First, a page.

000
WTNT42 KNHC 010259 CCA
TCDAT2

Hurricane Beryl Discussion Number  10...Corrected
NWS National Hurricane Center Miami FL       AL022024
1100 PM AST Sun Jun 30 2024

Corrected location of Beryl in the final paragraph.

There are a few pieces of evidence that show that Beryl is in the 
middle of an eyewall replacement cycle (ERC). The clear eye seen on 
infrared satellite earlier today has become a little more clouded 
over during the past few hours. In addition, data from the last leg 
through Beryl from both the Air Force Reserve and NOAA Hurricane 
Hunters indicated concentric eyewalls, which also matches current 
radar imagery we are receiving from Barbados Meteorological Service. 
An earlier SSMIS microwave pass at 2150 UTC also showed a formative 
outer moat forming outside the small inner eyewall. In response to 
the evolving structure, 700-mb flight-level winds from the NOAA and 
Air Force planes are a little lower than observed earlier today, and 
the latest round of Dvorak estimates also support a slightly lower 
intensity. However, the initial intensity will remain at 115 kt for 
this advisory, given a couple of dropsonde observations in the NE 
quadrant of Beryl's inner eyewall.

Aircraft fixes indicate Beryl continues to move quickly westward 
at 280/17 kt. There isn't much change with the track forecast
philosophy, as a extensive mid-level ridge poleward of Beryl should
maintain its westward to west-northwest motion for the next few days
as it move through the Windward Islands and into the eastern
Caribbean Sea. The ridge does become positioned more northwest of
Beryl towards the end of the forecast period, potentially allowing
the hurricane to slow down gradually once it reaches the
northwestern Caribbean Sea. The track guidance this cycle is quite
similar to the previous cycle, and thus the latest NHC track
forecast is also quite similar to the prior advisory.

Given the evolution to Beryl's inner core structure tonight due to 
the aforementioned ERC, it would not be surprising to see a 
short-term fluctuation down in Beryl's peak winds, though Beryl is 
expected to remain a dangerous major hurricane as it crosses through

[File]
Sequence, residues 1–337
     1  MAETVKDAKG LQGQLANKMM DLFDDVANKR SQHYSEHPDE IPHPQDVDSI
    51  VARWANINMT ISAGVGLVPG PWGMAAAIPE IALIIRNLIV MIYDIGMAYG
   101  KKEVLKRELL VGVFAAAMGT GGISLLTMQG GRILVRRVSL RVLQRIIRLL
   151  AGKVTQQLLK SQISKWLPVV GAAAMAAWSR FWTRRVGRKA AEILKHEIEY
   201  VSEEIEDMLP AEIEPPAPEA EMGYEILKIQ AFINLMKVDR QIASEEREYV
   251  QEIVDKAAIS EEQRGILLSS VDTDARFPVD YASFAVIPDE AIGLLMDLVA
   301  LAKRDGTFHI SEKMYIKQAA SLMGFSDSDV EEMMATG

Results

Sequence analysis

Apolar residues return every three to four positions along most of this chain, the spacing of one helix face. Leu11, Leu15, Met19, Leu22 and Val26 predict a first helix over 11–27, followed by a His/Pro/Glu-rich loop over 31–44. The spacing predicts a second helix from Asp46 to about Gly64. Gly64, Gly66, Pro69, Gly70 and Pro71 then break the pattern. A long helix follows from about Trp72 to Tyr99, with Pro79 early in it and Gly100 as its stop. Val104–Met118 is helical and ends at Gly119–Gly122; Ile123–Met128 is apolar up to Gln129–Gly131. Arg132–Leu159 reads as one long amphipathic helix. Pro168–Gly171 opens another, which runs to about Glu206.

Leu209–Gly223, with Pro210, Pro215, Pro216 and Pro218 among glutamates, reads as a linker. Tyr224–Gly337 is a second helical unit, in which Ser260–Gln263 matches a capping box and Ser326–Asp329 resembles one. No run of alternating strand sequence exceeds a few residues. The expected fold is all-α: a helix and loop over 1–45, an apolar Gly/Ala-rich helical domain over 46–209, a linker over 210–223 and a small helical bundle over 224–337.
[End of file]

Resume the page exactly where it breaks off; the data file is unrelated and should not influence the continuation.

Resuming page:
the Windward Islands tomorrow morning. In fact, there could also be 
a bit of restrengthening after the ERC completes in the eastern 
Caribbean, and that is reflected in the short-term forecast. After 
48 hours, a subtle upper-level trough to Beryl's north could induce 
a bit more westerly vertical wind shear over the hurricane, and some 
gradual weakening continues to be shown after 48 hours. However, it 
should be emphasized that Beryl is forecast to remain a significant 
hurricane during its entire trek across the Caribbean region, though 
more prominent weakening is likely if Beryl crosses the Yucatan 
between days 4-5 as shown in the latest forecast.  The NHC intensity 
forecast remains in good agreement with the consensus aids, and is 
only slightly adjusted from the prior advisory.

Key Messages:

1. Beryl is expected to remain an extremely dangerous major
hurricane when it reaches the Windward Islands tomorrow morning.
This is a very dangerous situation and residents in these areas
should listen to local government and emergency management officials
for any preparedness and/or evacuation orders. These preparations
should have been completed today as significant impacts will begin
tomorrow morning.

2. Potentially catastrophic hurricane-force winds, a life- 
threatening storm surge, and damaging waves are expected when Beryl 
passes over portions of the Windward Islands with the highest risk 
of the core in St. Vincent and the Grenadines, and Grenada 
beginning early Monday morning.  Hurricane Warnings are in effect
for much of the Windward Islands.

3. Heavy rainfall and localized flooding are expected across the
Windward Islands through Monday.

4. Beryl is expected to remain a powerful hurricane as it moves
across the Caribbean Sea later this week.  A Tropical Storm Watch is
in effect for portions of the southern coast of the Dominican
Republic and Haiti.  Interests elsewhere in Hispaniola, Jamaica, the
Cayman Islands, and the remainder of the northwestern Caribbean
should monitor its progress and additional Watches and Warnings will
likely be required this week.


FORECAST POSITIONS AND MAX WINDS

INIT  01/0300Z 11.5N  58.1W  115 KT 130 MPH
 12H  01/1200Z 12.2N  60.7W  115 KT 130 MPH
 24H  02/0000Z 13.4N  64.2W  120 KT 140 MPH
 36H  02/1200Z 14.8N  68.0W  115 KT 130 MPH
 48H  03/0000Z 15.9N  72.0W  105 KT 120 MPH
 60H  03/1200Z 16.7N  75.8W   95 KT 110 MPH
 72H  04/0000Z 17.6N  79.5W   90 KT 105 MPH
 96H  05/0000Z 19.0N  85.9W   85 KT 100 MPH
120H  06/0000Z 20.7N  91.5W   55 KT  65 MPH...OVER WATER

$$
Forecaster Papin

Originally Posted at:
NATIONAL HURRICANE CENTER and CENTRAL PACIFIC HURRICANE CENTER
At The NATIONAL OCEANIC AND ATMOSPHERIC ADMINISTRATION

By NHC